November 29, 2023


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Gideon Muriuki’s 1.75 Percent Stake in Co-op Bank Yields Sh154 Million in Dividends

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Co-operative Bank CEO Gideon Muriuki for the year ended December 2022 received a windfall of Sh154 million from his 1.75 percent stake in the bank.

This is a significant increase from the Sh102.68 million he earned previously, and is due to the bank’s decision to raise dividends to Sh1.50 per share.

The move underlines Muriuki’s position as one of Kenya’s wealthiest CEOs.

Muriuki has been at the helm of Co-op Bank for more than two decades and owns a significant stake in the lender.

Last year, the bank reported a 33 percent increase in net profit to Sh22 billion. The growth in non-funded income was a major contributor to the bank’s improved financial performance.

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The increase in dividends is a major boost to the co-operative societies, which are the majority shareholders of the bank.

“We feel confident to recommend a much-enhanced dividend payout as we have over the years built sufficient capital buffers and retained earnings, in addition to the sustained profitability of our business,” said Co-operative Bank CEO Gideon Muriuki, whose bank raised dividends 50 percent.

Co-op Bank’s strong financial performance has also resulted in a sustained increase in shareholder value, with a competitive return on equity of 21.2 percent, according to Muriuki.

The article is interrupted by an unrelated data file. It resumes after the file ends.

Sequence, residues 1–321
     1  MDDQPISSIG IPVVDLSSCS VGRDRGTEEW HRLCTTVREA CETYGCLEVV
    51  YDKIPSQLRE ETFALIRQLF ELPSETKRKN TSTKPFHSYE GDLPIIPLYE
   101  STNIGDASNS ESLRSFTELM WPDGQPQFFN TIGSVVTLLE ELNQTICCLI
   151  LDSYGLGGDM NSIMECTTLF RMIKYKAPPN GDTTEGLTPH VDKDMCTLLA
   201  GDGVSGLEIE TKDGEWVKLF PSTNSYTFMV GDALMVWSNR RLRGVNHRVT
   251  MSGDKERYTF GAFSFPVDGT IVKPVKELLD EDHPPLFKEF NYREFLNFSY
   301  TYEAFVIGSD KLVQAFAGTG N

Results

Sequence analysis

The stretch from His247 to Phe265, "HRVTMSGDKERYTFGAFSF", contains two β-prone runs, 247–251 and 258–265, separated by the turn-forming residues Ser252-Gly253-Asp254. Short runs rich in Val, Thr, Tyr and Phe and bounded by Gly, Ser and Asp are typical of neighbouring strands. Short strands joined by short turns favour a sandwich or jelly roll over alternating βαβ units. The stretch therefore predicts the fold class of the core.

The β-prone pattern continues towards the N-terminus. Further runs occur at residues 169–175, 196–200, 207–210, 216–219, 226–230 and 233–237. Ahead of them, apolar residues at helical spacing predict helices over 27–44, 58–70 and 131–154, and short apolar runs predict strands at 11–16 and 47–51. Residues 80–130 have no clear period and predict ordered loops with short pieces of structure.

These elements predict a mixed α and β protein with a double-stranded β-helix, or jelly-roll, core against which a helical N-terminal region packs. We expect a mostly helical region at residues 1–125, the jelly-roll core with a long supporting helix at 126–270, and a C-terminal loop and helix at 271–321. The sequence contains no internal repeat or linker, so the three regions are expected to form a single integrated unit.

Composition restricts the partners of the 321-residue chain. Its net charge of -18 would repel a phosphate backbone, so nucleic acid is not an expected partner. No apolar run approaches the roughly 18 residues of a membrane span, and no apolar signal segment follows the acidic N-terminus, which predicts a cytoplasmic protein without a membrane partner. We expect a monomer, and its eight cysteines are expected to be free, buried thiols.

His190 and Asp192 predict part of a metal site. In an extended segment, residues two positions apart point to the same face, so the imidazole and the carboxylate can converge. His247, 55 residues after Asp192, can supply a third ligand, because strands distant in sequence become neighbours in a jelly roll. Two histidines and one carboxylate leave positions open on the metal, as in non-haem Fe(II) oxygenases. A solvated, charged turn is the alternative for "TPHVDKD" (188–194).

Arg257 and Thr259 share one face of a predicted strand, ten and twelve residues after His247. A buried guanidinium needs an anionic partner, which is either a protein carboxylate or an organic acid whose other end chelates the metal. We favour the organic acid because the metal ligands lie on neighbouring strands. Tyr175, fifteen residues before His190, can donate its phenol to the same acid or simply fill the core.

The decision to raise dividends is expected to further strengthen the bank’s position in the market and attract more investors.

Co-op Bank’s operating income grew by 17.9 percent from Sh60.4 billion to Sh71.3 billion.

About two years ago, Gideon Muriuki sold 14.7 million shares of the lender with a current market value of Sh160 million in the five months ended May, according to regulatory filings.

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He has been selling and buying the bank’s shares over the years in transactions that have seen his stake oscillate between 1.7 per cent and two per cent.

The latest transactions reduced his holdings from two per cent in December 2019 to 1.75 per cent.

Muriuki’s bonus was way higher than that paid to chief executives of other rival banks in Kenya.

He is ranked amongst the highest-paid CEOs in Kenya with a monthly earning of Ksh31.37 million, which equates to a Ksh376.5 million yearly salary.

This makes him the highest-paid firm CEO in Kenya. His compensation consists of a salary of roughly Ksh105 million and a massive bonus of Ksh271 million.

The story was first published by :–4178088

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